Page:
In his meditations and prayer (vv. 3-7) Habakkuk sees God as righteous in His judgments, judicious in the exercise of His power, and deserving the glory due His name. He sees the dramatic contrast between light and darkness, splendor and sin, and true power vs. the corruptive power so common to humanity. He sees that salvation can only come by way of judgment, so we must trust the wisdom of God’s scalpel in where He cuts and how He will heal. His divine presence—one of the themes that pervades all of Scripture—is in the storm and the calm, denunciation and deliverance, destruction and restoration. We cannot afford to assume His hand is only in what makes people happy. He is in the business of making us holy.
Verses 8-12 constitute another section of the poem. The wicked should not be deceived: their prosperity is not a sign of God’s blessing. The wicked (whether the “people of God” living in sin or the sinners thinking they are getting away with it) are always objects of God’s wrath. We are not to judge God by today’s news or the circumstances that swirl around us; God’s sphere is action is far bigger than current events or even by our lifetimes. He sees the whole picture and is working out the macro-scheme as much as the micro-details. In his meditations Habakkuk sees how dreadful it is to fall into the hands of a justifiably angry God (Heb. 10.31). As God says in Hebrews 3.7-19, don’t think that because you have identified yourself as a child of God that He will put up with your rebellion and disobedience. Make it your business to ensure that none of you has a sinful, unbelieving heart that turns away from the living God (Heb. 3.12). Help each other, stay close to the Lord, and enjoy His presence instead of His displeasure. The promise of entering God’s rest still stands (Heb. 4.1), so be careful not to fall short of it.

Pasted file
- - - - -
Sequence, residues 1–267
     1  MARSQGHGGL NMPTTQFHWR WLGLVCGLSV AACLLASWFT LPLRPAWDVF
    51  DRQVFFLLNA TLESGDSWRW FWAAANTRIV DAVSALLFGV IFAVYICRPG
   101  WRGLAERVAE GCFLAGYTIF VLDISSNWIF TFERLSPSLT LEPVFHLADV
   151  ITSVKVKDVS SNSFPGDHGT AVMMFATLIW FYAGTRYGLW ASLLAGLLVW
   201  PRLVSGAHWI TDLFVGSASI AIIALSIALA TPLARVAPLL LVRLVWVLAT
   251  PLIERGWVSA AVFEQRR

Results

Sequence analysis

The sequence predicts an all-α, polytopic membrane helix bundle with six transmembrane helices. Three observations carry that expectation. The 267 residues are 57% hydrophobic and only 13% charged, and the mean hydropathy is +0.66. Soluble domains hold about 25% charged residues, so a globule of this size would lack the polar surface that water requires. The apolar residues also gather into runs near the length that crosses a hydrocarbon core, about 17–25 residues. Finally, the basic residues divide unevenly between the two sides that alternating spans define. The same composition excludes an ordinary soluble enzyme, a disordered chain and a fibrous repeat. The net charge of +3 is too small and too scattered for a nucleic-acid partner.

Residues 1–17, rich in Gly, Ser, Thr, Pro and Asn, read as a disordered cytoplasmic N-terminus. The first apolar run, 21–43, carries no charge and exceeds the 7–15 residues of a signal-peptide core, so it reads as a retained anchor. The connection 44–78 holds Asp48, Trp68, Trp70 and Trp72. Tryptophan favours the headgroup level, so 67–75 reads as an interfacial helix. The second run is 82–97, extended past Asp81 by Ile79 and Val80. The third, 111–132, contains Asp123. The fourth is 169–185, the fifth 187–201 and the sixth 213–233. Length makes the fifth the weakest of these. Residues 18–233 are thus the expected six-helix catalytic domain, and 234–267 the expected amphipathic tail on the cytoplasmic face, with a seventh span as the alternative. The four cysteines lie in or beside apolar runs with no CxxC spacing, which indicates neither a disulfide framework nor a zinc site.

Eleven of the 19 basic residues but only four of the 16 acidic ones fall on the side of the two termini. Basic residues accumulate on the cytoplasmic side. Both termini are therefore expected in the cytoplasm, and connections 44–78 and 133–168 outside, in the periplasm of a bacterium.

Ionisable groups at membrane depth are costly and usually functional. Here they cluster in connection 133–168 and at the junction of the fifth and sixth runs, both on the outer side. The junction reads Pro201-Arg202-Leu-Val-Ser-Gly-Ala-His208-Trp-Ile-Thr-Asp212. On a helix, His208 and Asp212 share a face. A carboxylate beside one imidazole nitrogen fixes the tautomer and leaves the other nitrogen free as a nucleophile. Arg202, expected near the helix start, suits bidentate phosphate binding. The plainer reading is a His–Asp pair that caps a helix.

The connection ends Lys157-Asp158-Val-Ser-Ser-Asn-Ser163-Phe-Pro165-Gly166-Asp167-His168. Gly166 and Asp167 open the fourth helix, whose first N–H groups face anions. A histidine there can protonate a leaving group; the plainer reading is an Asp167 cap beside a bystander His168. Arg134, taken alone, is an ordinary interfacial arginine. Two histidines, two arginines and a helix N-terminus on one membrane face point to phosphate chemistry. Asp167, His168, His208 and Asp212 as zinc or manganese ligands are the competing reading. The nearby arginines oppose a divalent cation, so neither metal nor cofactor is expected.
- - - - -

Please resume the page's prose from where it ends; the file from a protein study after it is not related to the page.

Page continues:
Habakkuk, because of his meditations on Scripture and his prayers, is beginning to see the truth he has been seeking (vv. 16-19). Peace is settling into his heart as he distances himself from the surrounding circumstances and the way his eyes and thoughts have misled his spirit. He is seeing the larger picture he has struggled for, and his patient persistence is paying off. God has not lost His grip, God is not ignoring His people, nor is God cavalier in His judgments. God is not to be assessed by our perceptions of current events or our limited and trite interpretations of our circumstances. There is a much larger picture of which we can only see a slice, and we need to trust the wisdom of God to deal the cards as they ought to be dealt. God will bring judgment when it is right; God will bring mercy when it is right, and it has little to do with what we may perceive as happening to us on any given day. It is not the loss of comfort and security that should dismay us, but the loss of God’s presence; it is not material blessings and freedom from troubles that should motivate us, but to experience the presence of God, come what may (Mt. 6.25-34; 2 Cor. 4; et al.) God Himself is all we need: our strength, our stronghold, our salvation, and our purpose for living. Take the world but give me Jesus. Questioning has its place, and doubts can motivate us to learn, but we find peace not in the answers but in the power, holiness, and presence of God. All that ultimately matters is God’s will and God’s kingdom. True joy is found not in a trouble-free life but in the presence and promises of God. That’s where our hope lies. We get tricked into thinking that the stuff of this life plays a part in our wholeness and happiness, that finding security in possessions, places, and roles is the significance of life. Instead, Habakkuk has found the place of peace where he can see God with clarity (cf. Phil. 3.7-14). It’s not that he is denying the reality of evil, the agony of pain or the griefs of life. Instead he understands what life is all about, what drives life, and where the true meaning of life is grounded: a relationship with the living God and being found in Him. The other things, though real, fade into the background, and we see life as it was meant to be seen (2 Cor. 4.17).